|Venezuelan Minister of Foreign Relations Ali Rodriguez Araque|
Caracas, Venezuela, April 6, 2005—Venezuelan Minister of Foreign Relations Alí Rodríguez posted an official communiqué on the Ministry website yesterday affirming that only the Venezuelan President, Vice President and Minister of Foreign Relations are authorized to speak of foreign relations.
Rodriguez emphasized that personal opinions of any non-authorized persons are just that: personal opinions. The communiqué was released in response to comments made by the US Ambassador to Venezuela, William Brownfield, who had interpreted statements made last Saturday by the President of the National Land Institute, Eliézer Otaiza, as official declarations of the Venezuelan government.
Last week Otaiza had made comments in an interview with the weekly newspaper Quinto Dia, where he said, in response to a question if he believed that the U.S. was preparing a war against Venezuela, “The first thing one has to realize is that when one goes to war, one has to begin to hate one’s opponent. … we have to prepare to see the gringos as enemies, and this is the first preparation for combat.”
Late yesterday afternoon, Otaiza spoke with Radio Nacional de Venezuela, the State radio station, to clarify his statements. Otaiza maintained that he had not instigated hatred between Venezuela and the US. However, he confirmed that when a journalist asked him last Saturday if he thought that there would be a confrontation between Venezuela and the US, he responded that he was unable to rule out the possibility. Otaiza affirmed that he knew it was not his place to speak of military affairs, but he was unable to “stand by with his arms crossed” as the US government took the life of the Venezuelan President Hugo Chávez, even if this meant that he would have to leave his post.
Immigrants and Baseball in Common
While attending the opening of Santa Cruz del Este, a school in the Southern part of Caracas, William Brownfield responded to Otaiza’s initial statement, asserting that, “it is a shame that the officials of this government speak of hatred and the differences in the relations between both countries. The United States has maintained good relations with the government of the Bolivarian Republic of Venezuela for almost 200 years, a very long and deep relationship.”
During the presentation of education donations, Brownfield emphasized that both countries have two characteristics in common: they are countries of immigrants and they are fanatics of baseball. He went on to explain that his objective is to look for areas of common interest with the Venezuelan government and move their relations forward, while accepting that there are and there will always be differences between the two governments. “My mission is to work for a relationship that is less hateful and more understanding, with fewer conflicts and more reconciliation, less problems and more solutions.”
Just before leaving the event, Brownfield commented on the recent decision by the Venezuelan government to expand the military reserves to two million people. “Every country is sovereign to organize its military forces as it considers best,” he noted. However, he asked the Chávez administration to act with “greater clarity” with respect to the matter, in order to avoid misunderstandings.
Rodríguez’s communiqué responded to Brownfield’s concerns, clarifying that Venezuela’s foreign policy is the exclusive responsibility of the President of the Republic and the Minister of Foreign Relations. The communiqué stated: “The opinions of any non-authorized person about our foreign policy are only on a personal level; not in any way or for any motive do they involve or commit the responsibility of the official position or institution, which can only be established by the President of the Republic, by the Ministry of Foreign Affairs, or through the Vice President.”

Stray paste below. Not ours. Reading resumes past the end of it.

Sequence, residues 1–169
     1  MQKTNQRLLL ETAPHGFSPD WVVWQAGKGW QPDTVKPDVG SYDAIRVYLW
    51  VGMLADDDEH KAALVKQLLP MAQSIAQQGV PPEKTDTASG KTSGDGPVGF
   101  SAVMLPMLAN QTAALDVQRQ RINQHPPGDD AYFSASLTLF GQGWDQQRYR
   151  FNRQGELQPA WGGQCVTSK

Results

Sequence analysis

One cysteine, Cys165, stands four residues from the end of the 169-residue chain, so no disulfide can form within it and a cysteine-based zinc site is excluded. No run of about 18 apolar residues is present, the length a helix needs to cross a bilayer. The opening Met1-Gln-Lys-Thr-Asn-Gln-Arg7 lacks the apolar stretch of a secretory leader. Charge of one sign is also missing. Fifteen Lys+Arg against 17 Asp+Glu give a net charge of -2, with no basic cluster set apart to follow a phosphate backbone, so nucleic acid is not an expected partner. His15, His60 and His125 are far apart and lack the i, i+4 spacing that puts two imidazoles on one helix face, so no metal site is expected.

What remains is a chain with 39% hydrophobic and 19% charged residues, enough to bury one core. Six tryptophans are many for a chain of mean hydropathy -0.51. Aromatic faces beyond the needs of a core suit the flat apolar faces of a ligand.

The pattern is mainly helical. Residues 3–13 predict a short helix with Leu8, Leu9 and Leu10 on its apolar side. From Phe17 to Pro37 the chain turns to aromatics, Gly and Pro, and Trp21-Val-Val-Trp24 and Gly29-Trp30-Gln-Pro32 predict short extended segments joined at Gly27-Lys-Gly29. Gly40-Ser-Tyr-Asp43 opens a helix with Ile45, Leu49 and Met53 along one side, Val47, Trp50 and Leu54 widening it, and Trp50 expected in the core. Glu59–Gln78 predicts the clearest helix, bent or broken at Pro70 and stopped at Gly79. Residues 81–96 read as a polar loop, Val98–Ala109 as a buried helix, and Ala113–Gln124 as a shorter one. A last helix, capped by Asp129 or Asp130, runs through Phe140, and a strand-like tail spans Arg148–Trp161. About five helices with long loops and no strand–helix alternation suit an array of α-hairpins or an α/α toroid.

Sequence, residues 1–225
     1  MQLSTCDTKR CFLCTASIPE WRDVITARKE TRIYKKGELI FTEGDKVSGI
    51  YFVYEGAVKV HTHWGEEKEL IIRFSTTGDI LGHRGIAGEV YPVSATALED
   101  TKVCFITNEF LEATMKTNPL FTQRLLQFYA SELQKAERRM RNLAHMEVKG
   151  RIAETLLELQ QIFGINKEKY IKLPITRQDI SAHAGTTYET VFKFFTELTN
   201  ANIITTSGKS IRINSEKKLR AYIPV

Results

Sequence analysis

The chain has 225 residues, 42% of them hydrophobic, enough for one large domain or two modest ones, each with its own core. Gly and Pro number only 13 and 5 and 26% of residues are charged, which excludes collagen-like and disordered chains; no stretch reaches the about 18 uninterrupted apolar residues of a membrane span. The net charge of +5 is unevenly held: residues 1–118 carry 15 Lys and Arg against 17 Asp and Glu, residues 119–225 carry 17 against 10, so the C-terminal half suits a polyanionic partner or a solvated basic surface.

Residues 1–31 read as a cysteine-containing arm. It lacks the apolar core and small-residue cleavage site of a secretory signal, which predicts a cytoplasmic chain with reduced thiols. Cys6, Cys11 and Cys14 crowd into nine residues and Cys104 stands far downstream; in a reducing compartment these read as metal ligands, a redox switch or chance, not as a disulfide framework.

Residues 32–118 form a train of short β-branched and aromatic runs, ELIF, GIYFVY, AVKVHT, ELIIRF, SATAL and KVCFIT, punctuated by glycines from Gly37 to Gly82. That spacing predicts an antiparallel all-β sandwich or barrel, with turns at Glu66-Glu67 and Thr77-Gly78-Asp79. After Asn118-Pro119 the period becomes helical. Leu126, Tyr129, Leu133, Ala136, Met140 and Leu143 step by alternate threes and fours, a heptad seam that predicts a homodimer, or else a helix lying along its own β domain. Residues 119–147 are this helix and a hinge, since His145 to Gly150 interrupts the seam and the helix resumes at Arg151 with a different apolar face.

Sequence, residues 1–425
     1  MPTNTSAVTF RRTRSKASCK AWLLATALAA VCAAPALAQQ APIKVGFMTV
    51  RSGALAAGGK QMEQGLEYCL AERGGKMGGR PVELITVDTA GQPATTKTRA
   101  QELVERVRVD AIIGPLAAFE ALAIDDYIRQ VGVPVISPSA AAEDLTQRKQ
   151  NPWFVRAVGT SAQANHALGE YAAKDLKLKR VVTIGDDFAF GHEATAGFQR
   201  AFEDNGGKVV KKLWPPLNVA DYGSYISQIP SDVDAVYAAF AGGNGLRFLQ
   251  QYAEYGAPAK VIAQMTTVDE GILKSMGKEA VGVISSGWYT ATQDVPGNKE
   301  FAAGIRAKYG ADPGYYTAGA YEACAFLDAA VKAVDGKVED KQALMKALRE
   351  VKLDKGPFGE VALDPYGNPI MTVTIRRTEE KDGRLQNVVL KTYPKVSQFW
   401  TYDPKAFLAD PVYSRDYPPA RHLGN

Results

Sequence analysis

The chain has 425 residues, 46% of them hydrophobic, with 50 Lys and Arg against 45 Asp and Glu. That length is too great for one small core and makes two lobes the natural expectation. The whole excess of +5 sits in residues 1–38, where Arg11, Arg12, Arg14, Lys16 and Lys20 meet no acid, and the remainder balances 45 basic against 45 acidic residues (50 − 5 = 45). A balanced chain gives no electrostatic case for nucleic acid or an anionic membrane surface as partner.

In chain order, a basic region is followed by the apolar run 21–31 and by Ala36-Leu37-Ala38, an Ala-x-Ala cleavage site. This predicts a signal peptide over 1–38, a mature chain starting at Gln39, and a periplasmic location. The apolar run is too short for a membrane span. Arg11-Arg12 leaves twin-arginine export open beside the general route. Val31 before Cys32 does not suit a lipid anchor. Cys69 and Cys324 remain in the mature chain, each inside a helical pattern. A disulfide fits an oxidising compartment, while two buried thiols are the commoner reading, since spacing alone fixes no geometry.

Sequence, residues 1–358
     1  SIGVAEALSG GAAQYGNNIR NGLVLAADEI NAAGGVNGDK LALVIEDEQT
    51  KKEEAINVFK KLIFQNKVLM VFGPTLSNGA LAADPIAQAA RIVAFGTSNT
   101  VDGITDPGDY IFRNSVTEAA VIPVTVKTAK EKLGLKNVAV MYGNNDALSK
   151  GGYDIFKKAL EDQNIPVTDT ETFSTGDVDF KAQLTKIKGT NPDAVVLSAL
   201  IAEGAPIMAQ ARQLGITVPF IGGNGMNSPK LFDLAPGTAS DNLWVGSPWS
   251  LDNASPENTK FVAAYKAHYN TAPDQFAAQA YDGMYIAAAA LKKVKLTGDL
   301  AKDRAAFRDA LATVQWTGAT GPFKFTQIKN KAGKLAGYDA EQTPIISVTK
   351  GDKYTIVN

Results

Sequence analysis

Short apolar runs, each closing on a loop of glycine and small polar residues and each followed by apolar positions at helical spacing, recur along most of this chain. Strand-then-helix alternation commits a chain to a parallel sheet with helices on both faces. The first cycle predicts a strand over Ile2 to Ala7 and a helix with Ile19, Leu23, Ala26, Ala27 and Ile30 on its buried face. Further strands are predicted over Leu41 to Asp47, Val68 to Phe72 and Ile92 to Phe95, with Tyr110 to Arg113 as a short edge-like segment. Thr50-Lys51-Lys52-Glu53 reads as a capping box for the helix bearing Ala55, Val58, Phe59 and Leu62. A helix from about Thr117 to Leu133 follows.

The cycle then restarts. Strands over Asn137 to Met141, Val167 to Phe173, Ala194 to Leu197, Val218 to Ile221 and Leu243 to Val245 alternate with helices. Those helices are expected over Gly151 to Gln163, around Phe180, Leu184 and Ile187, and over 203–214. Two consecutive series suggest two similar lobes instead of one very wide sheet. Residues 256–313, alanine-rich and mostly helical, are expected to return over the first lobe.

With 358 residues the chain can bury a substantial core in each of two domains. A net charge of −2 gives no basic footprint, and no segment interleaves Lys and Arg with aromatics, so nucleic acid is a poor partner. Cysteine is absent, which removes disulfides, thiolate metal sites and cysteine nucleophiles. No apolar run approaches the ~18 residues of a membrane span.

The Venezuelan Minister of Foreign Affairs also made note of the efforts of various people and entities in the Venezuelan government to “open doors to improve relations between the US and Venezuela and ratify their disposition to deepen and advance commercial relations and the fight against terrorism and narco-traffickers in an environment of mutual respect.”
Rumsfeld Still Concerned
Yet prospects for improving US-Venezuelan relations do not look particularly promising. Tensions between the United States and Venezuela have steadily increased since mid-January, when the US sided with Colombia during a diplomatic spat with Venezuela. Since then, Venezuelan-Colombian relations have been fully restored, while Venezuela-US relations have continued to deteriorate.
Just yesterday US Defense Secretary Donald Rumsfeld condemned Spain’s sale of eight patrol boats and ten transport planes to Venezuela, though neither the boats nor the planes have any offensive capacity, and not a single Latin American country has expressed concern over the purchase.
In a telephone interview with the Miami Herald, Rumsfeld wondered aloud what Venezuela will do with its new boats and planes. “I guess time will tell,” mused the US Secretary of Defense. “The problem is that, if one waits till time tells, it can be an unhappy story,” he speculated.
The Chávez administration has defended the purchase on a number of occasions, arguing it will enhance Venezuela’s capacity to protect its borders and aid in the fight against terrorism.
Rumsfeld, who made no objections to Spanish President Zapatero’s recent donation of three military planes to Colombia, believes that Venezuela’s arms purchases could spark an arms race with Colombia. When questioned by the Herald as to whether he would provide any evidence to back up these scenarios, Secretary Rumsfeld replied, “I don’t have any evidence… All I said, was, I asked a question, what in the world is the threat that Venezuela sees that makes them want to have all those weapons?”